By Nicholas Kalantzopoulos and Tiffany Lee
On Thursday April 14, the Charles B. Wang Center at Stony Brook University held its latest forum, titled “Korea’s Digital Comics: The Evolution of Webtoon in a Global Context,” which holds a number of stories that in recent years have helped Korea’s cultural industry gain a global audience.
Ernest Woo, the Co-Founder and Chief Product Officer at TappyToon, a digital comics platform that viewers go to for their latest digital comics, led the event. Woo helps the network overseas with the expansion of Korean comics and webtoons to a global audience. As an expert in Korean media and entertainment marketing, he has previously worked with leading organizations and companies including the Film Society of Lincoln Center, New York Asian Film Festival, The Korea Society, Gamevil USA, and Manga Entertainment.
“Webtoons are unique for often insisting on a vertical-scroll format, instead of pages,” Woo said, “But that’s only on a surface or visual level.”
The Charles B. Wang Center, has been working on finalizing this program for a while now. Jinyoung Jin, the Director of Cultural Program at the Charles B. Wang Center, is always attempting to bring Korean culture to Stony Brook.
“Webtoon itself is a very unknown media in the West” said Jin, “I planned at least nine months to year ahead for upcoming programs. It has to be educational and also it has to be highlighted culture from any country from Asia.”
This exhibition, which is open until May 31, is meant to help introduce webtoons, by showing their growth and how the digital industry in Korea has formed over the last decade. “The exhibit showcases a number of popular and well-known webtoon titles from Korea, introducing characters and stories to visitors in a way that is larger-than-life,” Jin added. Already, the exhibit seems to be bringing new people into the building.
“It’s a really good idea for the Wang Center,” Taeyeon Lee said. Lee, 21 year-old college student who viewed some of the pictures at the exhibit, added “other people from non-Asian countries can think of Korean culture and non-Asian culture.”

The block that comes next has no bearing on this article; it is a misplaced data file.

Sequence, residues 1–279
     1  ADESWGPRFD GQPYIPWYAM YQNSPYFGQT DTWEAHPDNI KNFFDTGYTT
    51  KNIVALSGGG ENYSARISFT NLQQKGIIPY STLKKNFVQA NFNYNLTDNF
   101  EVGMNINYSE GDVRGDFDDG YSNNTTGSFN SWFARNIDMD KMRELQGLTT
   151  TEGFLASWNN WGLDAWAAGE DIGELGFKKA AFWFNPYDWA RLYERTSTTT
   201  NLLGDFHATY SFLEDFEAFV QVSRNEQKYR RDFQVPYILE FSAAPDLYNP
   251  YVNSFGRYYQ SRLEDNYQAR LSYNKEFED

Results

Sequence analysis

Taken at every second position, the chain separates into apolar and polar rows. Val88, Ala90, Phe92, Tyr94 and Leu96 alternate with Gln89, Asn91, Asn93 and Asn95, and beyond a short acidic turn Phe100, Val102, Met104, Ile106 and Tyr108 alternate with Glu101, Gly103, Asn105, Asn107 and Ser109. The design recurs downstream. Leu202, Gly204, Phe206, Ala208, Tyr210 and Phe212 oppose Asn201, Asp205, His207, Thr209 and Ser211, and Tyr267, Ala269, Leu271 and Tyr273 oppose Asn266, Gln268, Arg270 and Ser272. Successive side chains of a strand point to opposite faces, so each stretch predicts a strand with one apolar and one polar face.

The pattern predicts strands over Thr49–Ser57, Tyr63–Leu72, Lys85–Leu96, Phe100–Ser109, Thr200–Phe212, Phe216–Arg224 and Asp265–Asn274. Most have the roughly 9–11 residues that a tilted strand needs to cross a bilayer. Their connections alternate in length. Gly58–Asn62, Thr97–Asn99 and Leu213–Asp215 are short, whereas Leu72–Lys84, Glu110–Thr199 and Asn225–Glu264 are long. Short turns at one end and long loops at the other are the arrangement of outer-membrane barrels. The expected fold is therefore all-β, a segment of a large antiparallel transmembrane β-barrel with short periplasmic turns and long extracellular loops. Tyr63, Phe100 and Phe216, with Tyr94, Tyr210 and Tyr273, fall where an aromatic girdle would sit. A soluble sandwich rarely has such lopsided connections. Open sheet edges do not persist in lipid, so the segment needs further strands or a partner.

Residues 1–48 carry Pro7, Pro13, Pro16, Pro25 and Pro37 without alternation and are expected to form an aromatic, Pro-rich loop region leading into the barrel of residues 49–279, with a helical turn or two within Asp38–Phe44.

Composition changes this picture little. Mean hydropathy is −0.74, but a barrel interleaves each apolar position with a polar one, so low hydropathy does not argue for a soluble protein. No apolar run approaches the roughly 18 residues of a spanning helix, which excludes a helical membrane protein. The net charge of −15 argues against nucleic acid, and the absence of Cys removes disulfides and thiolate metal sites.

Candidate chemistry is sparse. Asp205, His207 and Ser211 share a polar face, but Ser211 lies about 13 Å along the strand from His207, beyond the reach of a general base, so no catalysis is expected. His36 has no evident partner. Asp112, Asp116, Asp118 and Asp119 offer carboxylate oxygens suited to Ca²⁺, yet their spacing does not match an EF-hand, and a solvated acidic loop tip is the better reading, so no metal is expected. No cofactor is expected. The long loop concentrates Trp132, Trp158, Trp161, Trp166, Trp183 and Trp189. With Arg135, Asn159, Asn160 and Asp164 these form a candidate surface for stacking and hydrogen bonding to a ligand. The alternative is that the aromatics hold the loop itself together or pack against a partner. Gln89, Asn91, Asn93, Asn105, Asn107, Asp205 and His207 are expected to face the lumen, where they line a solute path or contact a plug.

Woo himself sees the parallels between these Korean comics and the standard American superhero comics.
“Just like there’s more than superhero comics to the US comics industry, there’s many more kinds of stories that are being told through the medium in Korea,” Woo said, “that may not be compelling in and of itself, but what is special is that with the highly connected nature of today’s readers, these comics that were originally produced for Korea is now expanding and affecting another group of fans outside of that country.” Woo went on to elaborate on just how these comics can become mainstream media going forward.
“While the US is often cited as a pop-culture exporter, taking Hollywood and many other things global, Korea and its content like comics are quickly on the rise, just as Japan’s manga and anime have started almost three decades ago in the US and other Western countries,” Woo said, “I think this is the interesting aspect of Korean comics in a globalised world, and it presents unique opportunities to become something very special to many readers everywhere.”
Although the show is meant to draw in those who aren’t familiar with webtoon comics, hardcore fans have certainly not been left out.
“I watch those webtoons everyday,” Jiyeon Choi, a 22 year-old college student mentioned that her experience with the series is what makes her want to visit the exhibit said, “Tower of God is my favorite.” Tower of God was one of the many depictions on the walls just outside of Jasmine, an Asian food eatery just inside of the Wang Center.
The free exhibition is one of many in Wang that bring new students every day, that teach students, while also letting them enjoy a country’s heritage.
“Comics and webtoons in Korea take up a significant portion of people’s daily lives in Korea, so it also informs the culture of the country in many ways as well,” Woo said.